- USMCA – Although the roll out remains in medias res, President Trump’s NAFTA 2.0 took some steps that encouraged companies to manufacture in Mexico as opposed to Asia. The critical updated provision is known as the Rule of Origin. According to JMR:
After contentious negotiations, the three countries agreed that this would increase to 75%, putting pressure on automakers to increase their sourcing and manufacturing to the region. This has the potential for a major effect on companies with global supply chains who will now have to find ways to replace a significant amount of their foreign sourcing with domestic capacity that may or may not exist.
Since much of Mexican manufacturing already operates above the 75% threshold, analysts expect that exceedingly more American companies will have to transfer at least a portion of their manufacturing efforts from China and Korea into Mexico.
Benefits of US Companies Doing Business in Mexico
There’s always a cost benefit analysis that comes into play when a company decides where to do their business. In the past, such an analysis often led to conclusions that Asia was the place to be, specifically China. But that was the past and China’s competitive advantage has been shrinking day by day. Reasons for US companies to manufacture in Mexico include:
- Low labor costs – While there are provisions in the USMCA that allow the Mexican labor to form unions, its labor costs are amongst the cheapest in the developed world. This factor creates the largest disparity in the cost of doing business when compared with the U.S. According to Al Dia, “the average payroll of a Mexican worker in the US was $ 1,870 per month at the end of last year. The average wage in Mexico was six times lower: $ 291 per month.”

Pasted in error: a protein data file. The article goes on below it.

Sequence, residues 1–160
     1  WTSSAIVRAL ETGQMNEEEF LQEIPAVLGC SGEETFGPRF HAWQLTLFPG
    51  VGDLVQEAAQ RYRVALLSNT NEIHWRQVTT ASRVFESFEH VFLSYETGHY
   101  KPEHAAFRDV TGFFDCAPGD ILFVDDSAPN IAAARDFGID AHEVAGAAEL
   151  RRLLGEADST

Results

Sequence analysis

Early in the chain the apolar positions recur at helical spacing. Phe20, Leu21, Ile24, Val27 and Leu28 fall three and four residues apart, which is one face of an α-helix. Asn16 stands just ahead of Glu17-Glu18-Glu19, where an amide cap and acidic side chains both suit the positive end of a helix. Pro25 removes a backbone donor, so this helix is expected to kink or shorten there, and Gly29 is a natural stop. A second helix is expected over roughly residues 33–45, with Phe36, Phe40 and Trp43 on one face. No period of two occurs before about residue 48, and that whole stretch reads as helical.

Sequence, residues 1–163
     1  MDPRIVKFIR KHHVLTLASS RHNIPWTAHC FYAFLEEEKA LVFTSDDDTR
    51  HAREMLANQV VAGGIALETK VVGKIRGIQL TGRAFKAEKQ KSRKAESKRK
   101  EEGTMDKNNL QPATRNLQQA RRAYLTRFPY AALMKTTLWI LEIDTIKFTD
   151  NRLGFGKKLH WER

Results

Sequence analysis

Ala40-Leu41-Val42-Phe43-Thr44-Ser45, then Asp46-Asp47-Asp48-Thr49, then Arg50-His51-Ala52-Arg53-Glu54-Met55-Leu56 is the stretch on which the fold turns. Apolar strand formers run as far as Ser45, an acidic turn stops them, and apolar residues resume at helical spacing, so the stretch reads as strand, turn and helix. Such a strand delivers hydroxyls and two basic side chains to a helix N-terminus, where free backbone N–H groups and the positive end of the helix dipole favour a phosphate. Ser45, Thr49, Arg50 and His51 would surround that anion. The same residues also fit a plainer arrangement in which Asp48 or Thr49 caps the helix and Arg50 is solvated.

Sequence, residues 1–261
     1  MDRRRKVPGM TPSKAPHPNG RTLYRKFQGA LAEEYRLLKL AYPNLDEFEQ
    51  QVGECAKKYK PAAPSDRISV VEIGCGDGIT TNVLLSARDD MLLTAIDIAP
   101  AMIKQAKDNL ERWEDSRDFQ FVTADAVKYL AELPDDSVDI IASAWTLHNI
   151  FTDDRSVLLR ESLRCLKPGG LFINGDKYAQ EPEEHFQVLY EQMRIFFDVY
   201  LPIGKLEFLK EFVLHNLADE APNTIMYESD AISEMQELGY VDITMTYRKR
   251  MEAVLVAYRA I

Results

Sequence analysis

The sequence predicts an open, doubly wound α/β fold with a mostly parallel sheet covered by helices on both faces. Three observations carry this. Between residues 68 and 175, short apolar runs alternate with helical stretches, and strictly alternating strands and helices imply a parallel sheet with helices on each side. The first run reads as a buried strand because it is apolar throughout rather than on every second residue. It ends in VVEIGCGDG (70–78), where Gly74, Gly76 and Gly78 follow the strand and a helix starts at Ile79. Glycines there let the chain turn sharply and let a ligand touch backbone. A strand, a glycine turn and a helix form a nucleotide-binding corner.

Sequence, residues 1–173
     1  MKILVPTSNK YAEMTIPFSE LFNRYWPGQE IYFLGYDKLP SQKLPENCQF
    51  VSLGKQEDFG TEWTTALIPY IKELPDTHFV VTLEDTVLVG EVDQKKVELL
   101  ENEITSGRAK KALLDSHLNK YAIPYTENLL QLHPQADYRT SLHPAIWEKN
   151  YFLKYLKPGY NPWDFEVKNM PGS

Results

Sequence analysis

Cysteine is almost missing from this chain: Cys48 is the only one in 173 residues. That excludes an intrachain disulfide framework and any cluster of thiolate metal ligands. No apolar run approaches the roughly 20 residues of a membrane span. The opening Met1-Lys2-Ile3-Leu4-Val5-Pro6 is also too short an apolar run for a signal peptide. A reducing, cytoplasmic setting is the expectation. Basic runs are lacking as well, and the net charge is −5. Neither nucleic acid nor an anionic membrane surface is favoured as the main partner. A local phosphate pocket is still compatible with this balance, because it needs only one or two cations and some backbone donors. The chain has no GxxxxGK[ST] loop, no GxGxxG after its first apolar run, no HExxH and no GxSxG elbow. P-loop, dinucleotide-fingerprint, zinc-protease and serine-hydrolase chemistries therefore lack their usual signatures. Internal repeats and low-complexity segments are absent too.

This pay disparity becomes even larger when you compare manufacturing wages:
- Mexican manufacturing hourly average – $2.70 per hour, which has remained virtually stagnant over the past decade.
- American manufacturing hourly average – $30 per hour, which has risen and is expected to continue to rise.
Many American companies extend their cost savings even further when it comes to products that are heavily labor intensive. Even though Mexican workers might not be able to fully match American efficiency, the additional time costs are far less substantial than U.S. labor costs.
- Early entrance into emerging markets – Although the Mexican economy is experiencing a boom and influx of foreign investment, it still remains an emerging market. As a result, by getting in early and beating the rush, you can take advantage of unique opportunities or have a chance to corner your share of the market before other competitors can establish a foothold. Typical benefits a company might receive from a preemptive move include:
- Low labor costs
- Governmental support
- Low competition
- Limited market sophistication
- Predominance of low-quality goods and services
- Reduced operational costs – The cost of doing business in Mexico is far cheaper than in the states. Economies of scale create serious cost savings when it comes to:
- Leasing a building to operate out of
- Hiring labor
- Hiring managerial staff